Ghost Recon 2

Format: Xbox

3 307210 174604
Age Restrictions: 16+
26 November 2004

North Korea, 2011. You lead the Ghosts - the most cutting-edge ground force in the world. Your orders: Disable a rogue Korean military faction before it triggers full-scale nuclear Armageddon. Welcome to the war of tomorrow...

Ghost Recon 2 (or to give it its full title: Tom Clancy's Ghost Recon 2) represents a huge leap forward for the series. There are so many alterations to the first instalment that you'll probably not realise that it is supposed to be the same franchise.

The plot, for what it's worth (you'll only really be interested in getting down and dirty with the bad guys - not on the back story): In the wake of one of North Korea's worst famines, food riots begin rocking the countryside, and the rogue North Korean general assumes complete control of the army. Blaming China for the famine, he begins charging north to seize Chinese territory with tacit support from its new Russian ally. China moves to respond, but limits the level of escalation, fearing open conflict with Russia and a possible nuclear exchange. Instead, China officially agrees to a multinational force to safeguard the China-North Korean border. Unofficially, the Ghosts and other special forces go in. Their mission: cripple the North Korean threat and depose the rogue general.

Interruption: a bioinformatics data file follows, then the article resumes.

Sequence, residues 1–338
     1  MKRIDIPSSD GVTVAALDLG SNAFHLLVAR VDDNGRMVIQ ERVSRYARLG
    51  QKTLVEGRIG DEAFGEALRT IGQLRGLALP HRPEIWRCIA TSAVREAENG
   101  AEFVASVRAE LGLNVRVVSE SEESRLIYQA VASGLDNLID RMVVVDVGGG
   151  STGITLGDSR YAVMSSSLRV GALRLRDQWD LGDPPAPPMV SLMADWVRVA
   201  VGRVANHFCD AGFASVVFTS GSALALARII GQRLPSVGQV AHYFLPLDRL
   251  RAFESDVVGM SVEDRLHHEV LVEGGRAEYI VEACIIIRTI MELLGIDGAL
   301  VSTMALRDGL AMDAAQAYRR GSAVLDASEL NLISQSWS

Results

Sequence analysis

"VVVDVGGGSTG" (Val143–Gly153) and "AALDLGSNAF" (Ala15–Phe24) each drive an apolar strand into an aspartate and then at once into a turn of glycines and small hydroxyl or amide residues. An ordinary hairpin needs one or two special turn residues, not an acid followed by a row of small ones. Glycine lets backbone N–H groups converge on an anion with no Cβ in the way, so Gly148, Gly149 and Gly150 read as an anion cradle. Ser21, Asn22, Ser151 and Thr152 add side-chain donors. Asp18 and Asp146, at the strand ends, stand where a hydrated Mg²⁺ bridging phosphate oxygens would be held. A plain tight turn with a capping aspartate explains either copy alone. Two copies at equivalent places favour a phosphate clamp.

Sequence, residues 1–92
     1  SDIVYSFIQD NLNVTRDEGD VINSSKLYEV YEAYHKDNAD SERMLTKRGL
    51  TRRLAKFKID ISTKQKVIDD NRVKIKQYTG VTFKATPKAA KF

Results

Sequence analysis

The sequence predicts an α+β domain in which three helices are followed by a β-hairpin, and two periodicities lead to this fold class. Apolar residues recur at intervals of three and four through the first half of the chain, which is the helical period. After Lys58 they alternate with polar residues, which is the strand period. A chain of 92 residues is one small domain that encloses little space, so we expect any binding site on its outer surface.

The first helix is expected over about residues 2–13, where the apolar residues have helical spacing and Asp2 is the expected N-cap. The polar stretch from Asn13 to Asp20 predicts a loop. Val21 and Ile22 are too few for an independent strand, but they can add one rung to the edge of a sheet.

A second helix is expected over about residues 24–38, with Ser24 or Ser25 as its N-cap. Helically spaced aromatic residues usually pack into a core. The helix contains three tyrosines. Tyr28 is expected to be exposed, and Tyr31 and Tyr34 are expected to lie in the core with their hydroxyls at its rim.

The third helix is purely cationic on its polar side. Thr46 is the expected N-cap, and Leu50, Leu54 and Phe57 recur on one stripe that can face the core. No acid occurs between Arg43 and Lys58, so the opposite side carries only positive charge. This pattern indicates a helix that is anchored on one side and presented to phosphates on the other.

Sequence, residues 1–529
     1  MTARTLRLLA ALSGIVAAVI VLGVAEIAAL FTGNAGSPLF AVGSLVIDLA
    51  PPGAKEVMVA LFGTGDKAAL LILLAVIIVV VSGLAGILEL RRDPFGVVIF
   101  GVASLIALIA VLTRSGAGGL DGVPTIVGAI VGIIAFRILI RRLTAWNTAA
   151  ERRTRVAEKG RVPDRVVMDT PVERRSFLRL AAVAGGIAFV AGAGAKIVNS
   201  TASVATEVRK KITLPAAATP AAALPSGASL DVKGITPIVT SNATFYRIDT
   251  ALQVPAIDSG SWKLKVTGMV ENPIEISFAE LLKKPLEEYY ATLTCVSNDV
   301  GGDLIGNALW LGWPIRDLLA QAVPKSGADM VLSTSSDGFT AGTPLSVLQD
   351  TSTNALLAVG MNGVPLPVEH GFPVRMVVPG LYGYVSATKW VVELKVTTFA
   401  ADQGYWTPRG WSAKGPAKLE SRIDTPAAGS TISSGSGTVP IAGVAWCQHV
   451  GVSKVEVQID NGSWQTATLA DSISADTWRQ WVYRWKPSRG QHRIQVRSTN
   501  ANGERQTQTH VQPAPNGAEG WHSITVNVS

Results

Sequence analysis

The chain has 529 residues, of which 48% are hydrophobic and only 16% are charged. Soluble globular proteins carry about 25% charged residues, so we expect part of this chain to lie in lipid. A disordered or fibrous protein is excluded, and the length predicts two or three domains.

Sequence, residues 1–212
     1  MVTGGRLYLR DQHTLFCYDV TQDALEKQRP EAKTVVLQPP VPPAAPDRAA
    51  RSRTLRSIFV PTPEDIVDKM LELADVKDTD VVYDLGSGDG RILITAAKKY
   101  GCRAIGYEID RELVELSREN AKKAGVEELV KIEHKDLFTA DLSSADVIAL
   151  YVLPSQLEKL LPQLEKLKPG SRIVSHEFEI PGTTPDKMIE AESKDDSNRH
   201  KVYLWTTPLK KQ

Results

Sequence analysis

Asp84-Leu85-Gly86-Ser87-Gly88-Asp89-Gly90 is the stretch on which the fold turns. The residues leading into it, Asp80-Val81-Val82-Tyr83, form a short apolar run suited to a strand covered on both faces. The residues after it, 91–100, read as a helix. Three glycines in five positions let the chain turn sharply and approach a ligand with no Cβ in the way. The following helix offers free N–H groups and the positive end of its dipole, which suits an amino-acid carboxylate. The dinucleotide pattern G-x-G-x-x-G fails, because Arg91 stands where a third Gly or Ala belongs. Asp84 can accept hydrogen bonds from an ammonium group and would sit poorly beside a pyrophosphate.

The graphics, gameplay and sound are all outstanding. But there are some issues I had with this release. My biggest gripe is that it is too damn hard. There is very little freedom to explore your terrain. You have to get in, complete your orders and get out. And it is not possible to complete another mission, or level, until you have satisfactorily completed the current goal - each level has a number of goals you need to complete in strict order. There is also an element of trial and error to the gameplay. Get killed (which you will be doing time and time again) by an unknown sniper, and when you reload your game you'll get a chance to spot your enemy before he cuts you down. Thank heavens then, that you can save the game at any point - you may find yourself being killed time and time again while you try and work out how many enemies are shooting at you and the best way to take them out.

Another annoying elements is the fact that your squad can be pretty stupid. I lost count of the number of times I had the enemy all lined up in my gun sights, only to see one of my team running in front of the cross-hairs as they also attempted to take out the bad guys.

The controls were also a bit of a pain. It took me a good three or four levels to get used to the buttons. But even then, in the heat of battle, I had a problem remembering which was the correct combination of buttons to order my men to advance or retreat.

There is also a gun camera, that can be used on certain weapons, which allows you to see around your hiding place without your enemy picking you off. In theory it sounds great, but for some reason they were still able to shoot me, even though I was hidden behind a solid barricade. I'm assuming that they could still shoot my gun hand, but it wasn't clear.

But these moans don't detract too much from what is a realistic and engrossing game of strategy. And while this frustrates more than rewards, it is certainly a game you will want to come back to time and time again - but only in short bursts.

Nick Smithson

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